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Dec 02, 2016 40 0 Rebekah Andrews
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Seasons of Thankfulness

We are in the season of “thankfulness.” While it would be nice to think that we appreciate everything we have and that we are always grateful, most of us benefit in taking the extra step of stopping and appreciating more formally. But expressing gratitude for the good things in our lives can lead to confusion, sometimes.

There are many things in our lives that we refer to as “blessings.” My children are healthy; I see that as a blessing. I have never truly struggled to provide for them, I see that as a blessing. I am married to a good man; I see that as a blessing. This is not to say that those who have sick children, broken marriages, or struggle in their daily lives are not blessed. It is simply my way of recognizing that all good things flow from the goodness that is God.

Sadly, our culture often sees blessing—gifts freely given—as rewards. So the assumption naturally follows that if I do not have the same blessings, I am being punished. And worse yet, if I am suffering in this life, I am being punished. This is a natural, human response. But it is not true.

I was recently reading a book that touched briefly upon the prosperity gospel, which teaches, very simply, that Christians are entitled to a good life because they are Christians. So they should expect material success in life, because they are faith-filled followers of the Lord. It is a comforting line of thinking that if we are good and follow all the rules, we will live the good life, financially speaking. But, in truth, it is a fairly shallow vision of God. God is not Santa Claus, depositing presents for us because we have been good. God is a Father; He desires good things for us. But He also recognizes that we were not created for this world.

Treasures in this world are temporary; He is forming us for eternal life. God sees us as whole creations, body and soul, and His gifts are meant to nurture both. Catholics can be swayed by the good feelings the prosperity gospel invokes, but there is very little of it that reconciles with Catholic doctrine.

Very often, Catholics find themselves falling for a different, but equally misleading and erroneous understanding of God’s plan in our lives. The gospel of “if.” If I had prayed one more Rosary, if I had taken my children to daily Mass, if I had said more novenas, then….then my life, my pain, my problems would be resolved. If I was a better Catholic then I would not be sick, would still be employed, and have complacent children. It is that missing prayer, the forgotten devotion, the candle unlit—that is the source of my struggles and my pain.

This too is a shallow vision of God. He is not the great score keeper in the sky, deducting blessings for lack of prayers. We do not earn God’s love. We do not pray our way into His good graces. That undermines the concept of love as something freely given. And it undermines the concept of prayer. Prayer is not a currency. It is communication. It is built upon a relationship, not rewards. It is hard. We see ourselves living “by the rules.” Doing the right thing. And yet, we do not always see the benefits. Or at least, what we think the benefits should be.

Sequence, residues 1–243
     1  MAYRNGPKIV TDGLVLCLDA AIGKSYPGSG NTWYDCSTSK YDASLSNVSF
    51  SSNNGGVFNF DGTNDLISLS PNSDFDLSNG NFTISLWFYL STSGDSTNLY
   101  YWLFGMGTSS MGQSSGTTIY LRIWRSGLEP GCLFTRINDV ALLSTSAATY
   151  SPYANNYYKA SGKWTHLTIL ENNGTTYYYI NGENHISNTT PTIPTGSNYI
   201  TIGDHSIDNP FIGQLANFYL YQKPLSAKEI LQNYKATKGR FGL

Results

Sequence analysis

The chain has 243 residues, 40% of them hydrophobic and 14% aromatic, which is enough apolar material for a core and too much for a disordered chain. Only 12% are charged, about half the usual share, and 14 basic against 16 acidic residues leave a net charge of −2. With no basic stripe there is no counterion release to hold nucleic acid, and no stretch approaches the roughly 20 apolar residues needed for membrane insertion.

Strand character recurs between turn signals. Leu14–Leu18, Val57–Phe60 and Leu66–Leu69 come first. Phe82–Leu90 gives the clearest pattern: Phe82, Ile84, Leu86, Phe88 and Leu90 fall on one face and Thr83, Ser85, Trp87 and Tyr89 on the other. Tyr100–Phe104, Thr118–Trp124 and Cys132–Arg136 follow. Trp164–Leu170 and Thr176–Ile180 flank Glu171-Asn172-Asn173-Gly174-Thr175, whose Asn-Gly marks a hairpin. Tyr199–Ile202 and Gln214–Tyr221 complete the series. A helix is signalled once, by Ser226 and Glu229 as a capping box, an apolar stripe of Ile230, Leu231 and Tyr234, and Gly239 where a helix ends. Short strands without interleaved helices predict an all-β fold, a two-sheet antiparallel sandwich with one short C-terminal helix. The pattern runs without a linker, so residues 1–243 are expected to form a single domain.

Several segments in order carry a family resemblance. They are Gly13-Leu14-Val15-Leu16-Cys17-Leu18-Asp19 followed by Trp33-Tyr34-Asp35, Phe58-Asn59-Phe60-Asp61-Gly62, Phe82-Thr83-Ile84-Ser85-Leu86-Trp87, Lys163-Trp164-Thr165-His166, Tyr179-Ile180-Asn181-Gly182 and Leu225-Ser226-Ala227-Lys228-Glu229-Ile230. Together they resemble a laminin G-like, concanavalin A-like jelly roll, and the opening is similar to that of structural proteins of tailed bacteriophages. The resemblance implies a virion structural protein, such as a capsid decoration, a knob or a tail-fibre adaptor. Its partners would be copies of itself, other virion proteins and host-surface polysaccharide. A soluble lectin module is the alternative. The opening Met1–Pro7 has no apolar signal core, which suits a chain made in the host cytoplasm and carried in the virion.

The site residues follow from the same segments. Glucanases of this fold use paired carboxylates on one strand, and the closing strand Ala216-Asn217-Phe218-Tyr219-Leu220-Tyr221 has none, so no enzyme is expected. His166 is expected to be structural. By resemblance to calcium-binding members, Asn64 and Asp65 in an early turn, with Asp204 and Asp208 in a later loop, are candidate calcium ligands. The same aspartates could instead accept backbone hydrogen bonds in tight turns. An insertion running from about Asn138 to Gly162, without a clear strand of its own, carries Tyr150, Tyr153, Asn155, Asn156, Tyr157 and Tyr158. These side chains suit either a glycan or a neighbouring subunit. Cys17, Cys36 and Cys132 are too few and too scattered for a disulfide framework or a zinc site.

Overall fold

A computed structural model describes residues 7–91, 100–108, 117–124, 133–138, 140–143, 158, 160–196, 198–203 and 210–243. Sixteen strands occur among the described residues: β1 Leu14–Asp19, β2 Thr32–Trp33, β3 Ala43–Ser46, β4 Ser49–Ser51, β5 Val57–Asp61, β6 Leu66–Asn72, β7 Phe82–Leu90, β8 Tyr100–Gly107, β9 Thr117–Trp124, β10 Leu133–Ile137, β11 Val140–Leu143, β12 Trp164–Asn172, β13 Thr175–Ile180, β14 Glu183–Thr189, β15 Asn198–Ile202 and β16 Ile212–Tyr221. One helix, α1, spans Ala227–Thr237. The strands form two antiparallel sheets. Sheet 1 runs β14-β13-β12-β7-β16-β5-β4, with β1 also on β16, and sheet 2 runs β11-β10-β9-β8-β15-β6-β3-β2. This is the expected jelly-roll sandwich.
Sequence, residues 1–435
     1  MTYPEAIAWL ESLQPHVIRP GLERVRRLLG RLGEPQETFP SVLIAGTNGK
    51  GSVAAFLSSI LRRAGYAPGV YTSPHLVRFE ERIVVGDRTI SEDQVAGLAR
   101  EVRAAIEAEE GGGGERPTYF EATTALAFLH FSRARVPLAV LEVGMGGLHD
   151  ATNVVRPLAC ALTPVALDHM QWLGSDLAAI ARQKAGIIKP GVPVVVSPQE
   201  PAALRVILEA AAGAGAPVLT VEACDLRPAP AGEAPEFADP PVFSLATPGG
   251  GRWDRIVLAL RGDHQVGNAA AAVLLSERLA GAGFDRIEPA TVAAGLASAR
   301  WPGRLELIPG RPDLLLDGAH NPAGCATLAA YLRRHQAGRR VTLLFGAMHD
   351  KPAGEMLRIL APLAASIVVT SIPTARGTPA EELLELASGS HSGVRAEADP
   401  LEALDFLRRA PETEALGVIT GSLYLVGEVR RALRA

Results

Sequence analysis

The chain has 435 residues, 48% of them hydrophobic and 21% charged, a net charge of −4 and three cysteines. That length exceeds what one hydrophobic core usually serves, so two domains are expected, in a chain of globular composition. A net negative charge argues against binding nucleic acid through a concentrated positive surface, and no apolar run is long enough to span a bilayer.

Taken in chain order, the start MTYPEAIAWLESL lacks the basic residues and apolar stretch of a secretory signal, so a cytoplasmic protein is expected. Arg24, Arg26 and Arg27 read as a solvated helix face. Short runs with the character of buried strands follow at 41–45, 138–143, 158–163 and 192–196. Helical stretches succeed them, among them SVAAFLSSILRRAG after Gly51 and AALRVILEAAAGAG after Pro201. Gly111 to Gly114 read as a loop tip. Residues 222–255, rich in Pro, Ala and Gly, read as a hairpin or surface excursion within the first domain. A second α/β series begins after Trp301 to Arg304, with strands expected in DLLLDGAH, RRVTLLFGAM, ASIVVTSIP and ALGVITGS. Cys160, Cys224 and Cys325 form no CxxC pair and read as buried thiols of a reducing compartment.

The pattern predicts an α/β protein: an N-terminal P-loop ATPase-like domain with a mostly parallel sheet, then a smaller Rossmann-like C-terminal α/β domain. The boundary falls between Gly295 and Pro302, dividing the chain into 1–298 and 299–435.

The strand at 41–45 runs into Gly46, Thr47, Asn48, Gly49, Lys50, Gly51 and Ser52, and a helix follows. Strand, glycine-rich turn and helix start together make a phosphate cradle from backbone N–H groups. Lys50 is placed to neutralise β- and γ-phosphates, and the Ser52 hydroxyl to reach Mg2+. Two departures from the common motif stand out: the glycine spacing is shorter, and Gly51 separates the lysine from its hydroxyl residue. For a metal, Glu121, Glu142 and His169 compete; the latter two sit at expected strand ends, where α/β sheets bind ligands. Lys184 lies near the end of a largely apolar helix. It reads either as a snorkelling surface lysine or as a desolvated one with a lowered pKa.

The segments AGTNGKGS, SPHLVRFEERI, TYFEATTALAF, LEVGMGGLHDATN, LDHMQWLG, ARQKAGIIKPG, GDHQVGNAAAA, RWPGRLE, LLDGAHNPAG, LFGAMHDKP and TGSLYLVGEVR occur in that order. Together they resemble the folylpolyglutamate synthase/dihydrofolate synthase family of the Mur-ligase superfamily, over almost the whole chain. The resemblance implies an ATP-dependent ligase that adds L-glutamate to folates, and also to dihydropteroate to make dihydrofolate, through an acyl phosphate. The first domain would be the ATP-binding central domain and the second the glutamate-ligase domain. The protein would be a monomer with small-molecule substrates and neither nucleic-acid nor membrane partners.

We see someone’s success and wonder why God does not bless us similarly. What are we not doing? How have we displeased the Lord? Why? When things go well in our lives, do we live in fear? Waiting for “the other shoe to drop?” Trying to do everything right so that God does not get mad at us and take away His gifts. But that is not how God sees us. He wants us to be happy with Him in Heaven. So all that He gives, or does not give, is towards that end. How does this help us grow and progress towards the next life? He does not give so that He can take away. He loves us. He cares for us. He does not desire harm to come to us. He does not retaliate against us.

Look at the Book of Job. At first glance it seems to be a horrible read, the just man suffering through no fault of his own. And that is heart wrenching. He did everything right and yet he suffered greatly. His wealth was not guaranteed because he was a good man. He did not fail to pray enough and therefore suffered great loss. He suffered due to circumstances beyond his control. He was not responsible for the pain in his life. And that should be extremely comforting to all of us.

It seems odd to speak of someone’s suffering as comforting, and yet that is how we should look upon the book of Job. There are many messages contained within, but maybe the most important is that our suffering is so very often the result of the world we live in. It is not the failure to pray one more Rosary or tithe one more percent. It is life. We all suffer and we all struggle. It is not always punishment. Sometimes we have to suffer the consequences of our poor judgment, but often we just have to struggle.

That, to me, is the most important take away message of the Book of Job. Life is not fair. We cannot prevent pain in our lives. And through it all, God is there with us. Our burdens, our sufferings, and our heartbreaks are painful. But they are not because God is angry with us. And, more importantly, God does not leave us in these dark times. He does not move closer if we pray more, we just hear His voice more clearly. The more we unite with Him, the more we feel the reality of His presence in our lives—the never abandoning, never changing presence. He is with us all and loves us all. And that is something we all can be thankful for.

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